Well, I said, give me something to eat other than broth, and I might help you out with my list of goals.
Following my surgery for colon cancer, there was one lymph node that wasn't quite right, so I was scheduled to have chemotherapy after I had a port put in.
The port is inserted under the skin by a surgeon or interventional radiologist in a minor surgery that takes about an hour.
Let me just say that I'm not real fond of needles of any kind.
Which brings me to the swinging and swirling world of Oncology at Dr. Jose Silva's office at Punxsutawney Area Hospital, which is part of West Penn Allegheny Hospital in Pittsburgh.
I'm not saying this because my wife works there, but Ginny Haines, Karen Burkett, Janice Lunger, Dr. Silva and my wife, Dr. Linda, have been wonderful to deal with, especially with the needles that I hate so much.
On occasion, when they stick a needle in me through my port, it's not as bad, especially when one of them holds my hand through the procedure.
I have to say it hasn't been that bad, and there's always someone else who has it worse than me.
They do wait on me hand and foot, but I actually contribute to the chemo room atmosphere myself.
One thing that my sons, Joe and Mike, have gotten from me is a great sense of humor.
I've used it from time to time in the chemo room to help entertain the others who are also receiving treatments.
You would think they could pay me an entertainment fee, since
I do make chemo fun for the others.
This week is six treatments down and six to go, somewhere around the halfway point.
There are many things I'm grateful for; the top one is that throughout this process, I've been able to go to work every day, which makes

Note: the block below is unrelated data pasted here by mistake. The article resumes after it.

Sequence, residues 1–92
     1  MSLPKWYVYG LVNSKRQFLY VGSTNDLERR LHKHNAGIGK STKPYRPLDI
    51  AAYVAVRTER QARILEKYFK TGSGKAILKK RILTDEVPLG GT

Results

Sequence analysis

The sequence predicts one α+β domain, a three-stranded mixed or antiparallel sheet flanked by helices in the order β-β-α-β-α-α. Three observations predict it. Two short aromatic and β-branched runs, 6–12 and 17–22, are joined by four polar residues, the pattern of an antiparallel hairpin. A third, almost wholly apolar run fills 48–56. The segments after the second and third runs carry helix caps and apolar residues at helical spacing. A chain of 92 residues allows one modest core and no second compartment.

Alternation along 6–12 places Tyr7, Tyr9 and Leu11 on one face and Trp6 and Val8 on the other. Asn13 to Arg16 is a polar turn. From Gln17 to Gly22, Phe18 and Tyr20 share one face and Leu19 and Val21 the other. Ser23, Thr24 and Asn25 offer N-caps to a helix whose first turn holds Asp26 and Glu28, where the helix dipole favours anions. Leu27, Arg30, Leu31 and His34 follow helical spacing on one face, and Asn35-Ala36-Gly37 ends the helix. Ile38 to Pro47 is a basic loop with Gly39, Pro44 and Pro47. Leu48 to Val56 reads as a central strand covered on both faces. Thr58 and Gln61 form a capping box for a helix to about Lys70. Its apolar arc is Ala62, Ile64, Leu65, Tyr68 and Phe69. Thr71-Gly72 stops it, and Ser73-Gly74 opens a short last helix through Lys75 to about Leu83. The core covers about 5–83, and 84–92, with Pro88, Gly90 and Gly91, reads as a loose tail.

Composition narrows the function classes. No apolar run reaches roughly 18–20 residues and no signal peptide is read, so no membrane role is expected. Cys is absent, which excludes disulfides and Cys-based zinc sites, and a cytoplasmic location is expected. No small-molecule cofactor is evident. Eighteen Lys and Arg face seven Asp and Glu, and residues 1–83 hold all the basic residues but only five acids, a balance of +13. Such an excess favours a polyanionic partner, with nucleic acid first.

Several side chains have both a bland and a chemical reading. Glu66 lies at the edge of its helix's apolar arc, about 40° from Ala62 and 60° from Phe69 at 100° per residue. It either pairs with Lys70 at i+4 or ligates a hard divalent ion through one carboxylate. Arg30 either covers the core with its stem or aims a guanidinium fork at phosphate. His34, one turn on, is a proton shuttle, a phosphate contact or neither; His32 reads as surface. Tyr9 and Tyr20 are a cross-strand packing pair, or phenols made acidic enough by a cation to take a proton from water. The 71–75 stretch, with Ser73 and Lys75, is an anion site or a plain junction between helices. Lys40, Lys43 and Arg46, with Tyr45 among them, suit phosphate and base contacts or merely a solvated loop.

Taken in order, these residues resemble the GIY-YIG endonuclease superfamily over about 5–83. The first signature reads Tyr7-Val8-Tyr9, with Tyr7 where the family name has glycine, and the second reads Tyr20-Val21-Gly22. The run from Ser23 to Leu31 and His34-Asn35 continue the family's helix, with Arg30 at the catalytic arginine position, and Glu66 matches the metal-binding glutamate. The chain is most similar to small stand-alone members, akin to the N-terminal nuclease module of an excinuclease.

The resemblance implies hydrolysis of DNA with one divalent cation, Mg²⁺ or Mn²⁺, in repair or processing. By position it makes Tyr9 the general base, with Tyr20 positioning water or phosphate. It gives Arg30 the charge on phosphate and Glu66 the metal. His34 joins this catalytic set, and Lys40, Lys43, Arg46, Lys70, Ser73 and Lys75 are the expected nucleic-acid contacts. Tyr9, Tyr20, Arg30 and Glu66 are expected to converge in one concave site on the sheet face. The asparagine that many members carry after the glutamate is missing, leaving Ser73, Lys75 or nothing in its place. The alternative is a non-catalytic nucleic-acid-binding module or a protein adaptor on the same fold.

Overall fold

treatments more bearable because I don't think about it the whole time.
One thing that has changed is that I'm a cancer survivor, and not just a reporter who covers Relay For Life and the American Cancer Society.
No offense, but I really didn't need to learn about this up close and personal.
I want to thank all of the different churches and congregations in Pennsylvania and Ohio who prayed for me throughout this ordeal, especially the prayer group from First Church of God in Punxsutawney.
The one side effect from my chemo drugs is that my hands and other extremities tingle, which feels like pins and needles and occurs whenever I touch cold metal or something that is cold.
However, I haven't let that stop me from participating in the opening day of trout season last Saturday, and I continue to look forward to turkey season next week and to take pictures for the Punxsutawney Fire Department, no matter how cold or wet it gets outside.
I'm grateful that I was able to return to work so quickly and that the weather is warming up.
I did learn one thing from trout fishing this past week — the fish aren't fond of having razor-sharp hooks stuck in their mouths, which is kind of like having needles stuck in you every other week.
Just so everyone knows, I have passed all of my blood tests, and I didn't even study for them.
Now I'm ready for another week of chemo, which means another week of stand-up or sit-down comedy for the other patients.
Larry McGuire is a reporter for The Punxsutawney Spirit. He may be recovering, but his sense of humor was never in need of a surgical fix.